On Sept. 9, California withdrew its proposed emergency action that targeted the state’s recycling industry, specifically shredder operations. It was withdrawn due to overwhelming concerns expressed by all sectors of the metal recycling industry including ISRI, which submitted comments on behalf of its members Sept. 7.
In September 2014, the California legislature enacted SB 1249, requiring the California Department of Toxic Substances Control (DTSC) to evaluate and regulate metal shredding facilities to ensure adequate protection of human health and the environment. In its final report, completed in August, DTSC claimed there was confusion regarding regulation of metal shredder output in California because the definition of “scrap metal” was unclear and the distinction between California-regulated and federally-regulated scrap metal was ambiguous.
DTSC’s proposed rulemaking would have amended title 22, California Code of Regulations, division 4.5, sections 66260.10, 66261.6, and 66273.9. DTSC claimed amending the state’s definition of “scrap metal” to align with the federal definition would clarify the term, remove duplicative language, and detail when scrap metal is exempt from hazardous waste requirements when recycled. However, the rule would have wrongfully classified shredders as hazardous waste treatment facilities. ISRI and its West Coast Chapter quickly began advocating on behalf of recyclers throughout California. ISRI is grateful for the support of the steel industry, which backed and assisted its advocacy efforts.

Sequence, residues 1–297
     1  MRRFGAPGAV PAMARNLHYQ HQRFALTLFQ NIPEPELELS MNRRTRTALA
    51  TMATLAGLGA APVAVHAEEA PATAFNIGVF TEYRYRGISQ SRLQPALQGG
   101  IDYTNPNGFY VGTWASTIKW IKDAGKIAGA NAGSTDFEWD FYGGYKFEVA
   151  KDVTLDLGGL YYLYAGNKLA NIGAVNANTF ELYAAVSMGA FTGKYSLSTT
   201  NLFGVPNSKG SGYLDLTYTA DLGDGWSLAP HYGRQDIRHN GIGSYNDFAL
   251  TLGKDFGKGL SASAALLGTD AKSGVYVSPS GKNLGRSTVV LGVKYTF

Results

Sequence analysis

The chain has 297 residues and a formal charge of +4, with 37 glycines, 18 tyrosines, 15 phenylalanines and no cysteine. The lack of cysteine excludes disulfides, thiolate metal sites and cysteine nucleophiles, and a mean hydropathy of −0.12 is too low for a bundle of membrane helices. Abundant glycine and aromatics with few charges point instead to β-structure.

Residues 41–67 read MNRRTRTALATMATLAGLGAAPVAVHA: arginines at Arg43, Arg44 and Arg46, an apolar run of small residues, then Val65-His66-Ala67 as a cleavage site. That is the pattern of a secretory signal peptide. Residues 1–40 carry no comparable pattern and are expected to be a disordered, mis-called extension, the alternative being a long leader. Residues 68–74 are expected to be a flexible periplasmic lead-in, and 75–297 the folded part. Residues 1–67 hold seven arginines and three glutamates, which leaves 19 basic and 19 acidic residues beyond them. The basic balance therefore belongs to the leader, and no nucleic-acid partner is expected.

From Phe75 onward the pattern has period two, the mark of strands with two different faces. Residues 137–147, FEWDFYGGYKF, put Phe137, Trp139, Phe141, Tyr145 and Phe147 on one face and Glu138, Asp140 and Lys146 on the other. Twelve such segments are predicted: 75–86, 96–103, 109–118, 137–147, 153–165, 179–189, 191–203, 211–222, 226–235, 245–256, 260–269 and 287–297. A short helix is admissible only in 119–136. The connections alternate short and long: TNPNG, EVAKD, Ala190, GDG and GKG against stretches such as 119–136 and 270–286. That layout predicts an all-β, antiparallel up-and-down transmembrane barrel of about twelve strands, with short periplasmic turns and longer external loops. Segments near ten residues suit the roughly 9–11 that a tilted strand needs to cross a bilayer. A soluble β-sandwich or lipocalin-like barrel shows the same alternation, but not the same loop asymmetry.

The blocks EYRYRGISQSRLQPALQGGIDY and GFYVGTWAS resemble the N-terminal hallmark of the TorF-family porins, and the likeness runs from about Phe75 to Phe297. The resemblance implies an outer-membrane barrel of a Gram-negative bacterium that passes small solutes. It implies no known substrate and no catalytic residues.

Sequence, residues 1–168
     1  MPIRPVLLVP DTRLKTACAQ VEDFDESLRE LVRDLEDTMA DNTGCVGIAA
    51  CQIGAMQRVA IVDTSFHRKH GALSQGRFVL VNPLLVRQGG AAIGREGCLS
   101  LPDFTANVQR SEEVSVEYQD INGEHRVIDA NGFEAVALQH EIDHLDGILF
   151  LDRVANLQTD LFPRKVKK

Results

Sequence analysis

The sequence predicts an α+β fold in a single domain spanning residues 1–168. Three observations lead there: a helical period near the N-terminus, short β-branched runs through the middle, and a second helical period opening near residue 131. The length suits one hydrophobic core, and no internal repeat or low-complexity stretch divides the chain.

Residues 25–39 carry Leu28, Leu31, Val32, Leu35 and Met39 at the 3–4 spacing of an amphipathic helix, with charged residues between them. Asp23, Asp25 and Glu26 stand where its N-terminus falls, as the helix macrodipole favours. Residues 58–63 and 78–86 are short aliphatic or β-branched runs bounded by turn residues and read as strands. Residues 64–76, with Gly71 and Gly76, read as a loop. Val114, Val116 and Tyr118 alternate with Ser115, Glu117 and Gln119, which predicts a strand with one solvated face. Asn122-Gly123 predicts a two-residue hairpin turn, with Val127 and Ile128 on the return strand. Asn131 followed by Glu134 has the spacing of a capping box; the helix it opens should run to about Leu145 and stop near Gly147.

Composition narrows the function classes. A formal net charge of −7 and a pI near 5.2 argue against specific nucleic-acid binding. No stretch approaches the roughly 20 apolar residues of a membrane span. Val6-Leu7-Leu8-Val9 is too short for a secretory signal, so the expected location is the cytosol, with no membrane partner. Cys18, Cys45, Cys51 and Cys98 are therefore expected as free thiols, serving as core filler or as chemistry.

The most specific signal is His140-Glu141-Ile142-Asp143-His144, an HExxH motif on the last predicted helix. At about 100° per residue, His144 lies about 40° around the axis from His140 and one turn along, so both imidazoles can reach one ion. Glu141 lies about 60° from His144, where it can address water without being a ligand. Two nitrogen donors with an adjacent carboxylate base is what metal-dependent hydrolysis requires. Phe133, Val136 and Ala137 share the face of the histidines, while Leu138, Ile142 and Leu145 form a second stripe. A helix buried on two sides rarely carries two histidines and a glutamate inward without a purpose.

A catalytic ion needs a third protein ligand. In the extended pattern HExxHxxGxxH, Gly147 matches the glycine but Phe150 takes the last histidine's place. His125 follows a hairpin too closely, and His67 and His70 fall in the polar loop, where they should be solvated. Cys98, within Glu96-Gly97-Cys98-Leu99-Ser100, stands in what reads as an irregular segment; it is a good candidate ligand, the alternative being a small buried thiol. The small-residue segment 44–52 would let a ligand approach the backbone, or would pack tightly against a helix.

In its comments, ISRI disputed DTSC’s untenable claims that metal processing operations conducted by shredding facilities create an emergency situation. The association detailed the effects that such a rule could have, including the devastating impacts on tens of thousands of jobs supported by the recycling industry, and significant ripple effects not only in the U.S. manufacturing supply chain—of which recycling is the first link—but also in local governments and communities throughout the state.
ISRI and its members also highlighted the many inaccuracies in DTSC’s claim that the emergency regulations were merely intended to align the state’s regulation of shredding facilities with the federal regulatory scheme.
“This outcome proves once again the strength of One ISRI,” states Adina Renee Adler, ISRI’s vice president of advocacy. “Congratulations to all involved. We are proud to be your association.”